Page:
The Hip Thrust
It’s very easy to learn, it’s well-suited for most body-types, and it’s very effective in building/shaping the glutes. Click HERE to see how it’s evolved over time.
You should know that there aren’t many long-term studies pertaining to the hip thrust exercise. This will come in time. My Hip Thrust Wiki page contains links to every study, and I update this monthly. So right now, the benefits are anecdotal and based on conjecture. Hip thrusts lead to very high levels of glute activation based on electromyography (EMG) – in fact they usually elicit the highest glute activation out of a dozen or so popular glute exercises when you perform case studies. Moreover, THESE ladies swear by the hip thrust and noticed expedited gains when they started incorporating it into their training. HERE is a scientific article on the topic if you want to delve deeper, but just know that in time we’ll know much more when proper research emerges. In the meantime, keep in mind that variety is ideal, so do your hip thrusts, along with your goblet squats, your American deadlifts, your back extensions, your lunges, your lateral band work, and your other favorite glute exercises.
Click HERE to read my thoughts on this comment.
Trust me, I understand. But I’ve done them at numerous commercial gyms over the past 8 years and nobody has ever given me any flack. If you want maximal results, you need to get over your fears and start doing them. After a few sessions, you’ll realize that your insecurities were silly. THESE ladies conquered their fears and started hip thrusting, and so should you. The Romanian deadlift and seated hip abduction/adduction machines are socially acceptable to perform in gyms, and these are just as embarrassing as the hip thrust motion in my opinion. It’s must that we’ve become accustomed to them. Over time, the same will be true for the hip thrust.
Personally, I think barbell hip thrusts are better due to the constant tension. However, there are many individuals who feel the bands working their glutes much better than barbell (click HERE to read more on this). I feel like best results are realized when you perform both types of hip thrusts. The benefits of barbell hip thrusts are greater tension through the full ROM and also that they’re well-suited for progressive overload. The benefits of band hip thrusts are that they’re comfortable on the hips, easy to set up, good for high metabolic stress, very low in terms of recovery-requirements, and high in tension at end-range hip extension. Since lifters tend to cheat by skimping on their range of motion and cutting their hip thrust short at the top of the movement, it makes sense to use bands from time to time to keep end-range hip extension strength as strong as possible. In this way, the two variations feed off of each other.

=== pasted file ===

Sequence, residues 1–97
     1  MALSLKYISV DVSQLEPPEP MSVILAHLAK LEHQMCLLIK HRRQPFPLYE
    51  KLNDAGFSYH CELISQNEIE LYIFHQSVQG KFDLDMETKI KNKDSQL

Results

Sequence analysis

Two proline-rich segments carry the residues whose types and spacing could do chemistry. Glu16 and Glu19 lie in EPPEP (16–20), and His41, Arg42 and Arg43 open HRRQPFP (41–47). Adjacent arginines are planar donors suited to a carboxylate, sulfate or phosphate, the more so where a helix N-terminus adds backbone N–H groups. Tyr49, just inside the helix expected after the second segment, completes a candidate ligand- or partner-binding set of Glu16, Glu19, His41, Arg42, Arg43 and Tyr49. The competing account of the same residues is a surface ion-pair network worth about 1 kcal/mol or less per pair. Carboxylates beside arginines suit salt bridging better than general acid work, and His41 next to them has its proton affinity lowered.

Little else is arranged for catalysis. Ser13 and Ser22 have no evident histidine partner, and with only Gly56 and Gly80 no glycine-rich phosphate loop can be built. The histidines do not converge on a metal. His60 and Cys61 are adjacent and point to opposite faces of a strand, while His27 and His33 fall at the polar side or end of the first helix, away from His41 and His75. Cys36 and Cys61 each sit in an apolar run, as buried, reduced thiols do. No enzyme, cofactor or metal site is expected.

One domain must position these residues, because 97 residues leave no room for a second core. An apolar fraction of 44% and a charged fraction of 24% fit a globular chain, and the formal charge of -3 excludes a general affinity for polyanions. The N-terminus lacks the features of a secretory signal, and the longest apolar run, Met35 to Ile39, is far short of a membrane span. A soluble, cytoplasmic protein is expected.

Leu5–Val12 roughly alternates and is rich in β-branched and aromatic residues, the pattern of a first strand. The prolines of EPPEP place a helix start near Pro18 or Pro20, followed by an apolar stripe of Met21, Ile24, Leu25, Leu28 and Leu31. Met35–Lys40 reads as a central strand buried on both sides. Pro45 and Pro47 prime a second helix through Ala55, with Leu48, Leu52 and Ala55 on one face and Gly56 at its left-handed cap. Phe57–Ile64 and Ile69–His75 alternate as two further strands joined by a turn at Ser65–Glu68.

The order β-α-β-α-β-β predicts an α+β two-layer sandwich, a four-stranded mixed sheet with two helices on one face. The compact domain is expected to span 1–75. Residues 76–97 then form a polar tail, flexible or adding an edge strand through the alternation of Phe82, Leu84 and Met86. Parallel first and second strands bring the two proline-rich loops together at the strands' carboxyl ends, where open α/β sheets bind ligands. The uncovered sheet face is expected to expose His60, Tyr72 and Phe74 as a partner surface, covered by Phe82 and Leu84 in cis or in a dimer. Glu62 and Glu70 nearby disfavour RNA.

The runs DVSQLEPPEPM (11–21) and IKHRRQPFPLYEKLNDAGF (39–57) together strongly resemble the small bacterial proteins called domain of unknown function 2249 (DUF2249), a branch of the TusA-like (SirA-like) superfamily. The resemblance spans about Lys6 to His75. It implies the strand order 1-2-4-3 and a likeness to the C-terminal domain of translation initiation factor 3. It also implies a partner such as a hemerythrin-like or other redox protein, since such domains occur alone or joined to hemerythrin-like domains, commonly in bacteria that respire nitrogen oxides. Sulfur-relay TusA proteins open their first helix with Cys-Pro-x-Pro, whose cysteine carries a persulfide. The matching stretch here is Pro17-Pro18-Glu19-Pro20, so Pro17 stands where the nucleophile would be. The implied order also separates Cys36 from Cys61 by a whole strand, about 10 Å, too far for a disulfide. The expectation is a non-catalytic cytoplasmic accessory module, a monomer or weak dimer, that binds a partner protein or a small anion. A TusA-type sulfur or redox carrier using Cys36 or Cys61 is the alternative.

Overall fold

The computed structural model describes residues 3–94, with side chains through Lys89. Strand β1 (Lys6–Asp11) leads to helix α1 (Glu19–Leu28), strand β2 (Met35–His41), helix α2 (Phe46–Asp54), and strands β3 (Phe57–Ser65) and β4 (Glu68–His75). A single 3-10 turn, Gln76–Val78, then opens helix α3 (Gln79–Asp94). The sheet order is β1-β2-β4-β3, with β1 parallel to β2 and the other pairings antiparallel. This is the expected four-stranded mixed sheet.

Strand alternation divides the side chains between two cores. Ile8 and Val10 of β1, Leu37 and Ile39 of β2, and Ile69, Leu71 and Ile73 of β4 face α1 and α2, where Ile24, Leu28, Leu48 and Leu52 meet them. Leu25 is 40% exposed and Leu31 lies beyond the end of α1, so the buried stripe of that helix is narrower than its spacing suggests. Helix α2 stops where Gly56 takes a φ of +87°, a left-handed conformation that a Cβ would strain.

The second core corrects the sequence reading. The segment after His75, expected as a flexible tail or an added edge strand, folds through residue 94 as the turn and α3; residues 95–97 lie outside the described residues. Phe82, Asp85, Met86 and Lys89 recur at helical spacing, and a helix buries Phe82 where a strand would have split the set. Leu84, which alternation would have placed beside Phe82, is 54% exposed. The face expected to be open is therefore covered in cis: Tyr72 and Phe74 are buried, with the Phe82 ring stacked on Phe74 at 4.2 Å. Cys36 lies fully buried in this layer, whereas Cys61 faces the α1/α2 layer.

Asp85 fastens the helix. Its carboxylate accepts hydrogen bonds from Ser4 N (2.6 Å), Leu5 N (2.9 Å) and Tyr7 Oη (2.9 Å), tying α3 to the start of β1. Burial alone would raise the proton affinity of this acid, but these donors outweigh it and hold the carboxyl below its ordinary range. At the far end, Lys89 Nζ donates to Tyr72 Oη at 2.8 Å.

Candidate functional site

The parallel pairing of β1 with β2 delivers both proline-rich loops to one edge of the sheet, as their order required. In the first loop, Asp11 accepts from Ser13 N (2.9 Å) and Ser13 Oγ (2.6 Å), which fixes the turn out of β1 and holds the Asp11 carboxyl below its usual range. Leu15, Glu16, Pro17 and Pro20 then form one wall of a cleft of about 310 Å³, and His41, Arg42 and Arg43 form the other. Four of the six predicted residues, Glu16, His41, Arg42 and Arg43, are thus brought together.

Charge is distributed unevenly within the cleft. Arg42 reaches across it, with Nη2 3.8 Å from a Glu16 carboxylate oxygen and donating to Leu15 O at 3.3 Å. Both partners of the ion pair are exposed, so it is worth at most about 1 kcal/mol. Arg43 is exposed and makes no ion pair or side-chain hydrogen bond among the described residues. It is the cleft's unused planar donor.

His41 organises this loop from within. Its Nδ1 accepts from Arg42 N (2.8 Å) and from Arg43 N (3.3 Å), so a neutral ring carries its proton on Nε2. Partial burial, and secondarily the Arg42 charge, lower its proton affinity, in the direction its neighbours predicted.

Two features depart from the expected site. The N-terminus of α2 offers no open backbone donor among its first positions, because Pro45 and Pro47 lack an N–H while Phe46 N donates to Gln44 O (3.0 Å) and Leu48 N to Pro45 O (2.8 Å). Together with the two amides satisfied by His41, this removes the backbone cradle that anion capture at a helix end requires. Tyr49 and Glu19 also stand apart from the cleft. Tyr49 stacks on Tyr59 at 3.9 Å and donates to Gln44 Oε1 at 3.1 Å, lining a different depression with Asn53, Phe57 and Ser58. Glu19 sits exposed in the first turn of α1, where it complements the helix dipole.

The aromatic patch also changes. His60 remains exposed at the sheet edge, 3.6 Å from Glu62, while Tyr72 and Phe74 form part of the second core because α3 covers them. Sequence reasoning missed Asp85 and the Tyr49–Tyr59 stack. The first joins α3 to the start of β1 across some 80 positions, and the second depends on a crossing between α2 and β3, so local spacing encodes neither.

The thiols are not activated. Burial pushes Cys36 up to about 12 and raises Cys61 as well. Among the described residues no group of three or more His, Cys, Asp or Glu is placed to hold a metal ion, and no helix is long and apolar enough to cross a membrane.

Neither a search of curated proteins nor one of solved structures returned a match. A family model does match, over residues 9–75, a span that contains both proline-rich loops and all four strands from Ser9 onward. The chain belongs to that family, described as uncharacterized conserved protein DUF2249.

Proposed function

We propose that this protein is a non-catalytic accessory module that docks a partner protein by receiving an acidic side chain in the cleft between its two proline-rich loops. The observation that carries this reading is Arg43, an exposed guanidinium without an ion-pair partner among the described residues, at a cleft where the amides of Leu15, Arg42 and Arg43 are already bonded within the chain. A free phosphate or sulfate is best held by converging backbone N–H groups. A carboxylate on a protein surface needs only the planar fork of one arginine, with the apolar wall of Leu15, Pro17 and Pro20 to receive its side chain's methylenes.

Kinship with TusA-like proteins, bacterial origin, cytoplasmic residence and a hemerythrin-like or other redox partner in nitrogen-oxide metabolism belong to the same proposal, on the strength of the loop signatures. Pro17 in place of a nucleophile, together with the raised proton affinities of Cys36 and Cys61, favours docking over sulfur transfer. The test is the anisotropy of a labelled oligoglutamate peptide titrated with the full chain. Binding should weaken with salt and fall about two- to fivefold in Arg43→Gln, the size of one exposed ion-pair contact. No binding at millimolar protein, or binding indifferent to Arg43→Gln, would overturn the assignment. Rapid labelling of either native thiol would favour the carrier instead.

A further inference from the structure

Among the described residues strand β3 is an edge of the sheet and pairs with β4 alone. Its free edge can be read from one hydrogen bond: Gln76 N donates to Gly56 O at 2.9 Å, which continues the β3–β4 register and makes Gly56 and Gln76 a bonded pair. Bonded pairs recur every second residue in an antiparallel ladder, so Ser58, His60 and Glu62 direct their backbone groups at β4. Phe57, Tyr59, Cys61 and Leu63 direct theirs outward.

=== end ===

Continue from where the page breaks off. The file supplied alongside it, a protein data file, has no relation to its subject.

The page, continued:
I feel glute bridges working my glutes more than hip thrust (or, I feel hip thrusts working my glutes more than glute bridges) - is it okay if I just stick to those?
I feel that lifters should master both the glute bridge and the hip thrust. If you mostly do one of them, then chances are, you’ll like that exercise much more and the other exercise will feel slightly strange. However, with practice, you will likely learn to enjoy both of them. I lean toward the hip thrust being the better movement between the two simply because of the added hip range of motion (which is good for hypertrophy), but greater load can often be used with the glute bridge, so both are great. If you’re dead-set on just doing one of the movements, then it won’t hinder your gains that much. As long as you’re doing one of them consistently, you’ll likely see good results over time.